Freedom of expression and self-publishing: The Mail’s manufactured crisis and dinosaur porn



I nearly missed this story last week: Kobo, the e-book reader manufacturer and publisher, went through an exercise of weeding out “offensive” books and removing them from its catalog. Of course, “offensive” means books about some forms of sex. Apparently, books that glorify stock market manipulation or various forms of fraud against the middle class, or books that use religion to justify oppression of women, for example, are okay.


It seems to have started with an “investigation” by the UK newspaper The Mail into WHSmith’s website. On October 11, The Mail Online reported:

Typing the word ‘daddy’ into the search box, for instance, brings up disturbing fictional accounts of bondage and sexual humiliation, as well as collections of bedtime stories for youngsters.

After The Mail on Sunday alerted WHSmith to the appalling content freely available on its website, executives took the unprecedented decision to take the whole site offline while the explicit ebooks were removed from sale.

‘We will tighten our processes to ensure that this error can never happen again and sincerely apologise to our customers for any offence caused,’ the company said in a statement.

The Mail on Sunday investigation found that pornographic ebooks – the majority of which are self-published by their authors – are also available through Amazon, Waterstones and Barnes & Noble.


By Sunday, October 13, WHSmith’s website was down as executives and staff went through the catalog to remove offending titles. The crisis then spilled over to Kobo, which has a partnership deal with WHSmith to supply e-books. According to the much more credible and professional newspaper, the Telegraph, Kobo shut down its UK website by October 17 while its people went through its catalog, as well, and reviewed its self-publishing system to ensure that authors comply with its policies.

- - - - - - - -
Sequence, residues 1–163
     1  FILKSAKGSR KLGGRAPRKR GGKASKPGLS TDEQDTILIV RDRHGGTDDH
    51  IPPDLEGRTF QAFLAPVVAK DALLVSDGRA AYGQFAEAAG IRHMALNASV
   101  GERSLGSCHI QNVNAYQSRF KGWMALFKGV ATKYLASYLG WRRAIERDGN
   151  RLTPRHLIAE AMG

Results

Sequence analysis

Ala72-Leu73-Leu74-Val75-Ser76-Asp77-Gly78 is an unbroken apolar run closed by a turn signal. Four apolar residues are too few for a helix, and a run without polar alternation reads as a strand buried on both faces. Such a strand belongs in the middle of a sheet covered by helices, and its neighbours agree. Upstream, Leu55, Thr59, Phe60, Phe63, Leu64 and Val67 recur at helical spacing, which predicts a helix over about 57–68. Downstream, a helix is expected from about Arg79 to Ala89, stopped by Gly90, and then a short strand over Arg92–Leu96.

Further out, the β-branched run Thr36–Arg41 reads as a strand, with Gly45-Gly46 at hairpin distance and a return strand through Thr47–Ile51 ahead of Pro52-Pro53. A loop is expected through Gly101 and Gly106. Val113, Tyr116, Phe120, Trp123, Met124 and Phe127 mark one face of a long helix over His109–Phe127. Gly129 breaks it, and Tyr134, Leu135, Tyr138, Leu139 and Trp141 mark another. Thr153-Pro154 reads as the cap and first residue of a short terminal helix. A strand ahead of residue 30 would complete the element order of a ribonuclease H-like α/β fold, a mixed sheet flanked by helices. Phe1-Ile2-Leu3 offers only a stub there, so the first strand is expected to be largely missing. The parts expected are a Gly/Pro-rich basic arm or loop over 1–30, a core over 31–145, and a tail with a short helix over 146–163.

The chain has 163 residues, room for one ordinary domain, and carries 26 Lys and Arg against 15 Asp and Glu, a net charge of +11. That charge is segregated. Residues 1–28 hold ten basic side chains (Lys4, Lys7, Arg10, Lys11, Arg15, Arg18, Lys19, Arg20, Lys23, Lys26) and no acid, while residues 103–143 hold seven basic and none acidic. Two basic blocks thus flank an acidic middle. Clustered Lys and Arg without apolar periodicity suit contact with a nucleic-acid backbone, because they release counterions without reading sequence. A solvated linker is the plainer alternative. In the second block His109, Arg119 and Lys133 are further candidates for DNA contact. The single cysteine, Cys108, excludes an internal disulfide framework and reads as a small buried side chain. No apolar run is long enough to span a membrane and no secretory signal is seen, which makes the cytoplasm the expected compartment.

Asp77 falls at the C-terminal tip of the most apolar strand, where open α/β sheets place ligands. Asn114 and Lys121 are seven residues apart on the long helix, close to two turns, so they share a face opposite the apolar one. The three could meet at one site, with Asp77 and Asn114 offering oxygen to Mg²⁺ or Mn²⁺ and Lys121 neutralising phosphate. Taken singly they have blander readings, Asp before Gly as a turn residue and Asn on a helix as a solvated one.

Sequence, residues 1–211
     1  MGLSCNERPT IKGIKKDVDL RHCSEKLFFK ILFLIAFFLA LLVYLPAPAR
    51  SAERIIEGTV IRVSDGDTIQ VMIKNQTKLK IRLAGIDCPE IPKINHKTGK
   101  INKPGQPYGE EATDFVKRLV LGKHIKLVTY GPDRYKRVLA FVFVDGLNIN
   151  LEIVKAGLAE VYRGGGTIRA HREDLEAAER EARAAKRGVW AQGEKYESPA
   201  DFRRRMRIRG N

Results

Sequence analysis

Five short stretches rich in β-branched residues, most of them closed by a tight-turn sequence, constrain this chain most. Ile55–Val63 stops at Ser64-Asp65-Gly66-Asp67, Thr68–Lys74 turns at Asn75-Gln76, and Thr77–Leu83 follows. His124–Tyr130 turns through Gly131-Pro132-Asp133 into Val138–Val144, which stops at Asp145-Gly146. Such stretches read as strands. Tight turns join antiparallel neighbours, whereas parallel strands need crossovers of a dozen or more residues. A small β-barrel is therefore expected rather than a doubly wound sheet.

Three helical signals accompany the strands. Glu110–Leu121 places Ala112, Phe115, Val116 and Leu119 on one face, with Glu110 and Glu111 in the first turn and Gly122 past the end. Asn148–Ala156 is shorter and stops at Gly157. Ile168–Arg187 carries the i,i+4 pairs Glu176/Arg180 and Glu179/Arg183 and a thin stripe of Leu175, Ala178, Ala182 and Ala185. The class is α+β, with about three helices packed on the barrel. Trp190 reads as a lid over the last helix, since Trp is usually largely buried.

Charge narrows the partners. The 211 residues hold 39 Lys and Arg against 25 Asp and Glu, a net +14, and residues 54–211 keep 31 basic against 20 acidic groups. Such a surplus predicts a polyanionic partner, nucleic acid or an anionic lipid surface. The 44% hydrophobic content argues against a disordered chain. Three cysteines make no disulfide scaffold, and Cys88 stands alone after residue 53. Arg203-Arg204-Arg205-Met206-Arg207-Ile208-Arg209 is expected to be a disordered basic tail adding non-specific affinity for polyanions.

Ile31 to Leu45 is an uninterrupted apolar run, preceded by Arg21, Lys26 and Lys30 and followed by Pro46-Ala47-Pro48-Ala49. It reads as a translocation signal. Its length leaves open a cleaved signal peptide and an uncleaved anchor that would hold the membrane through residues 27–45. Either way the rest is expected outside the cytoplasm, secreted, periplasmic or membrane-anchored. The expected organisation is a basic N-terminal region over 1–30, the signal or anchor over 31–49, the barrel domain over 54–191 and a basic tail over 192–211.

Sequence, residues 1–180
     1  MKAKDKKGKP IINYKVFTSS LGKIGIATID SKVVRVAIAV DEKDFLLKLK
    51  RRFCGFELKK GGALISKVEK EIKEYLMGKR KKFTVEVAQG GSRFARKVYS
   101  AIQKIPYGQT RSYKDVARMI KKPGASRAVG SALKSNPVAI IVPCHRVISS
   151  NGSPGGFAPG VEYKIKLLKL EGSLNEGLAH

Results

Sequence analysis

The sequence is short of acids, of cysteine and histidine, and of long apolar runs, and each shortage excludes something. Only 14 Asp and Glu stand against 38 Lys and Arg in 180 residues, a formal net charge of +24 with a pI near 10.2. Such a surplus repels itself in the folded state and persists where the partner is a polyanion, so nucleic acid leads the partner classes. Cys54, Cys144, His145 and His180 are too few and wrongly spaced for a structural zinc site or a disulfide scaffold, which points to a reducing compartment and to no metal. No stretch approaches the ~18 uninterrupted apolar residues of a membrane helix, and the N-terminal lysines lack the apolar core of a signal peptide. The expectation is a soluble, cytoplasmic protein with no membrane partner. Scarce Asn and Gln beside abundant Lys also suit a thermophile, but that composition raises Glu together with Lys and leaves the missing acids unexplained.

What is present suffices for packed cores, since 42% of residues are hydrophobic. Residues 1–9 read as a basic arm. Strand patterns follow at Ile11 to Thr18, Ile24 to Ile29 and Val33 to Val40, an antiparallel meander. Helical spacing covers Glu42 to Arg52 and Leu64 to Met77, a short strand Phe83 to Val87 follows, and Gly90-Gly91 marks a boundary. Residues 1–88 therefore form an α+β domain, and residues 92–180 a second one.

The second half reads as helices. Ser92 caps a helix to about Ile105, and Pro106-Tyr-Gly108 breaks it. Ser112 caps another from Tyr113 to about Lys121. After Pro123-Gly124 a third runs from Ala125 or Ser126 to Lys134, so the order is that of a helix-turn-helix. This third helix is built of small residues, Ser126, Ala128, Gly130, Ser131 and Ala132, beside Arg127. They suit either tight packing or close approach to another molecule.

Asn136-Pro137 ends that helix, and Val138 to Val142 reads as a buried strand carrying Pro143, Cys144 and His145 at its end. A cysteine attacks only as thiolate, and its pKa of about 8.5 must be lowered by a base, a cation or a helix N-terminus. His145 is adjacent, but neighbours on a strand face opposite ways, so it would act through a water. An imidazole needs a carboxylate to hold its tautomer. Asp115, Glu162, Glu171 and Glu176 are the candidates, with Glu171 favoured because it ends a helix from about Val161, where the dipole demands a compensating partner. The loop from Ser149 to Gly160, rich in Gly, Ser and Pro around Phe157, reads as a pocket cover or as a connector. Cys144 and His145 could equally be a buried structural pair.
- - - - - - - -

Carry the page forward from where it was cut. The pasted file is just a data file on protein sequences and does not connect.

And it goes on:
Erotic book lovers, meanwhile, sent a petition to online book sellers demand they “LEAVE OUR EROTICA ALONE!”

Executives from both Kobo and WHSmith stated that they’re concerned about books that glorify rape, incest and bestiality, among other subjects.

I’m sure you’ll all be relieved to learn that all my books have passed muster on Kobo.com, including my unabashed erotic novel, One Shade ofRed.

One series of books is apparently not available on Kobo anymore: Christie Sims’ dinosaur erotica books, like Taken by the T-Rex and Mounted by the Gryphon. I have no way of telling whether those books ever were available on Kobo, but they are available on Amazon, Barnes+Noble.com and iBooks.
Image source: The Mary Sue 

Kobo still sells erotica, including “tentacle erotica” titles like Taken by Tentacles and Tentacle Alien’s Breeding Pet. Apparently, sex with dinosaurs is too disgusting for Kobo and WHSmith’s executives, but sex with aliens with tentacles is okay.


The power of the written word

This was a crisis manufactured by the Mail newspaper. Apparently, they have reporters with nothing better to do than to surf the Internet for sources of porn that can be embarrassed. Then, they can find people to make self-righteous condemnations of pornography.

John Whittingdale, chairman of the Commons Culture, Media and Sport Select Committee said: ‘It is disgusting that WHSmith, one of the country’s most respected retailers, is selling hardcore pornography alongside children’s books.

Why does the Mail toy with evoking the forces of censorship and repression of freedom of expression? Because it sells newspapers.

No matter how Kobo and WHSmith try to discriminate between “legitimate” literature and that which is offensive according to standards, however widely they may be accepted, removing books is censoring some content.

And the Mail depends on the premise of freedom of expression for its existence.

Thankfully, this crisis has sunk back into the swamp without causing much interest anywhere.

I’m just pleased to have found something as ludicrously funny as the idea of dinosaur erotica. I don’t intend to read any, but you have to admit, it has to be the most ridiculous idea in fiction.
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